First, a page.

The Buddhist proverb, "'Enough' is a feast," encapsulates a profound perspective on contentment and satisfaction, offering us a door into recognition and giving thanks. At its core, this wisdom suggests that enough can be a source of abundance, even in the face of adversity or challenging circumstances.
This week officially welcomes us to the holiday season here in the United States. For many of us, this means the beginning of seasonal gatherings, travel, gift-giving, and an engagement in creating new or timeless traditions. As we attempt to balance invitations to connect with people and places in varying ways, it can be easy to get swept away in wishes that something had gone differently and find our attention honing in on this.
In a world often driven by the pursuit of more—more wealth, more possessions, more success—the notion of satisfaction is a powerful counterpoint. Enough implies a state of satisfaction and encourages a shift in focus from the externally driven quest for more to an internally driven appreciation of what is already here.
In facing life's difficulties, the proverb becomes a guiding principle for resilience and inner strength. It suggests that even amid life's challenges or disappointments, we have a well spring of internal resources available, which, when accessed, may allow us to experience a deep sense of fulfillment in this life. Viktor Frankl teaches us about this in his book, "Man's Search for Meaning," which we read with the book club last year. His experience demonstrates, in a profound way, how this perspective is available to us, offering the doorway to a powerful practice of giving thanks.
Admittedly, at times, this isn't easy to see. Understandably, the difficulty can be intensified by experiences such as the Global Conflicts of our time that have escalated significantly. It is crucial in the midst of these moments to hold steady in our stance, recognizing that honoring the enoughness in the face of difficult times is not about complacency or resignation; instead, it's an acknowledgment of the resources, seen and unseen, that are available to us all the time.
True abundance does not reside in the having of more but in recognizing and appreciating the sufficiency of what already exists. By embracing the feast of enough, even in hardship, we increase our capacity to cultivate resilience, satisfaction, and fulfillment, transcending our external conditions.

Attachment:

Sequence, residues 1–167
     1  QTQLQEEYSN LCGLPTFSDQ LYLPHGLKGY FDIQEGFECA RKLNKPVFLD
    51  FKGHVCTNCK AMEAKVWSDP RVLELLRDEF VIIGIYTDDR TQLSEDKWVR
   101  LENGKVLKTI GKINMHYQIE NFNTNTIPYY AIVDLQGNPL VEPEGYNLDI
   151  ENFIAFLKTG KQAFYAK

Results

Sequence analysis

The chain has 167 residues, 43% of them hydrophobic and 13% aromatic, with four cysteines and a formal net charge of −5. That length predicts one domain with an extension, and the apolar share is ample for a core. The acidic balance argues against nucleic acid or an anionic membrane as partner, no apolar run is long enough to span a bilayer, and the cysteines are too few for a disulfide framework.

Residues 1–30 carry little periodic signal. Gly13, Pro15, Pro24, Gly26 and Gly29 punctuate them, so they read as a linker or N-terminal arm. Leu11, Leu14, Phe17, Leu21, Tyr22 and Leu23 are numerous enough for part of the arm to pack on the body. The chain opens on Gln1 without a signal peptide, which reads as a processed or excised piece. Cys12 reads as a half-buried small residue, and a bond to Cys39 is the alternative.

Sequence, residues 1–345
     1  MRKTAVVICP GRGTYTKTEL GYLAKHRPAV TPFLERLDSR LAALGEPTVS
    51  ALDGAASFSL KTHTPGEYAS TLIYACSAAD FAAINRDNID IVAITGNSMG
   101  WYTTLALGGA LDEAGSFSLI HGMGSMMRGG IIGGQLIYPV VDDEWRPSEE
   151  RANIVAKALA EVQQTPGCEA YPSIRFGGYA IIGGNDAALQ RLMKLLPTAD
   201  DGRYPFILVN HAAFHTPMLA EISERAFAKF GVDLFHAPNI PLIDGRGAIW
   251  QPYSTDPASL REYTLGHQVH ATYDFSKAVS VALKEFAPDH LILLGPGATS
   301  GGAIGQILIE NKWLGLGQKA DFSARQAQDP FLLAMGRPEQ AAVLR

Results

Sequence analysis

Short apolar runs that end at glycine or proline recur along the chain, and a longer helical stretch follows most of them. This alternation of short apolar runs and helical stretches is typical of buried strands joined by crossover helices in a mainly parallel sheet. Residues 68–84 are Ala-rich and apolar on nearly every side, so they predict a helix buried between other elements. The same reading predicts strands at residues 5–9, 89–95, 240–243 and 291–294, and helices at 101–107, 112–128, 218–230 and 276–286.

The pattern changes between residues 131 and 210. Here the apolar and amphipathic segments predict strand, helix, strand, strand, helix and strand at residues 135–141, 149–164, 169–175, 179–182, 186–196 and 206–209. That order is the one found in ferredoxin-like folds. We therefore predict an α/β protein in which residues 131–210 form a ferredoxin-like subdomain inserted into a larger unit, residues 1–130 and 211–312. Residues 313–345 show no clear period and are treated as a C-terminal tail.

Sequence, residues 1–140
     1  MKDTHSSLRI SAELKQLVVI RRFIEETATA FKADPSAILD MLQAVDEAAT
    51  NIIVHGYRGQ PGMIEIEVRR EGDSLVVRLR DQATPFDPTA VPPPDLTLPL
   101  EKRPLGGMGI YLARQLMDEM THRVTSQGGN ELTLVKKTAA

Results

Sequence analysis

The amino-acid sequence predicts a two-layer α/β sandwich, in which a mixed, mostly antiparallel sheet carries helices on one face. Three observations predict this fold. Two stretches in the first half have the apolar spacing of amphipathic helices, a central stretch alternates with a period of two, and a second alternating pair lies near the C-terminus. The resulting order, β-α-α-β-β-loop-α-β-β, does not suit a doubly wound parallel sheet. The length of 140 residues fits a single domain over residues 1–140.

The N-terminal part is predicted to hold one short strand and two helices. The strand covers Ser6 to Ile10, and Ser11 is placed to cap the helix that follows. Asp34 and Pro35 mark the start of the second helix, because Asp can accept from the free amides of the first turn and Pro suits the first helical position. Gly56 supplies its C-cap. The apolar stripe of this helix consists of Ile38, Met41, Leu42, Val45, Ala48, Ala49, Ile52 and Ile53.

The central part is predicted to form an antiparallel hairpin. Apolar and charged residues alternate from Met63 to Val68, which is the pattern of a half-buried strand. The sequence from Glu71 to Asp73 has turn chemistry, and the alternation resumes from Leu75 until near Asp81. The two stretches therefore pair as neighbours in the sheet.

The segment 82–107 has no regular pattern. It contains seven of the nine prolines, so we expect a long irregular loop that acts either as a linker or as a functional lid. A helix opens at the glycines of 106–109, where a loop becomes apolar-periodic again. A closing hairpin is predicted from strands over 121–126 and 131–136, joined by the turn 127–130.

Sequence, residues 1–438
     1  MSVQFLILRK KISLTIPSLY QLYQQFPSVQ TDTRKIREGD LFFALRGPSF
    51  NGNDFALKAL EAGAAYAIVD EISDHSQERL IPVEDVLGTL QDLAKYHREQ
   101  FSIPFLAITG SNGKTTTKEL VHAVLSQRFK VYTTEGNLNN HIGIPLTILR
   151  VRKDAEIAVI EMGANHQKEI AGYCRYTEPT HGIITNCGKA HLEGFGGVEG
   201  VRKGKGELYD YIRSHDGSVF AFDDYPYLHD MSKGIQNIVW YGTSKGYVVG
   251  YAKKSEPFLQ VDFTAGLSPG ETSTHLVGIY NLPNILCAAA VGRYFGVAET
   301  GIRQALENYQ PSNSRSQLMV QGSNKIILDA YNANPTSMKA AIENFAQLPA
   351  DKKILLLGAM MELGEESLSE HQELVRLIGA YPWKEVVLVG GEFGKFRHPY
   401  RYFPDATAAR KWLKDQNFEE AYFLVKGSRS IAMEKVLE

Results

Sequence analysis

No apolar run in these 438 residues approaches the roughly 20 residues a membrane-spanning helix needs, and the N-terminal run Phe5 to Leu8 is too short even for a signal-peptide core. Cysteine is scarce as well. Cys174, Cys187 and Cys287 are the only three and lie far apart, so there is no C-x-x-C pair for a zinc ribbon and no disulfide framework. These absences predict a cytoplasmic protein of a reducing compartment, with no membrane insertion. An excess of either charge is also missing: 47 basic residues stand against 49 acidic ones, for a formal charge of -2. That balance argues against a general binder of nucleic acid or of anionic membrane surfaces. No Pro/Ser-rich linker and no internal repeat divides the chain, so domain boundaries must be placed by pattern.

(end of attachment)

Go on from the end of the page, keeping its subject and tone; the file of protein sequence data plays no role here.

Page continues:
This Thanksgiving, as we turn toward the blessings in our homes, hearts, and on our tables while holding space for the things we feel could be different, better, or changed, may we invite the wisdom of enoughness to light our path as a guiding star, inviting us to be a little more present with the fullness of our truth.
Perhaps an active engagement with enoughness is just one of the hundreds of ways to kneel and kiss the ground. As we cultivate this practice, it can help to have some concrete places for our attention to land...
Here are some practices to support us this holiday in honoring enoughness and giving thanks. May they support our cultivation of gratitude, appreciation and deeply feeling into the recognition of enough:
Spending quality time with nature, self and those we love
Taking note of that which we’re thankful for (quite literally, on a sticky note or in a journal)
Giving freely without the hope or expectation of receiving anything in return
Offering genuine words of praise or affirmation
Making donations of time, money, food to those in need
Taking moments to bask under cozy blankets, in the sun, snow or gentle rain…
Sharing handwritten letters and thank you notes
Mindfully engaging kindness and patience when interacting with others
Slowing down – intentionally engaging the practice of "living slow"
Reflecting on the history of the land on which we reside
Simply saying "Thank you!"
Turning our attention away from Social Media and our phones
Holding space for the question, what is here for me?
In the spirit of giving thanks and nurturing our communities, we would like to share the resources that have been provided by Rasa Healing and other collaborators for the Interfaith Prayer event we had the honor of supporting in November 2023:
Resource Bank - additional links and resources
I'd love to hear from you, please comment below and share with us your favorite ways of giving thanks and cultivating enough!
Need some extra support? Here are three ways we can help:
Check out our collection of mental health resources, guided meditations, mindfulness practices, and more on our Free Resources page.
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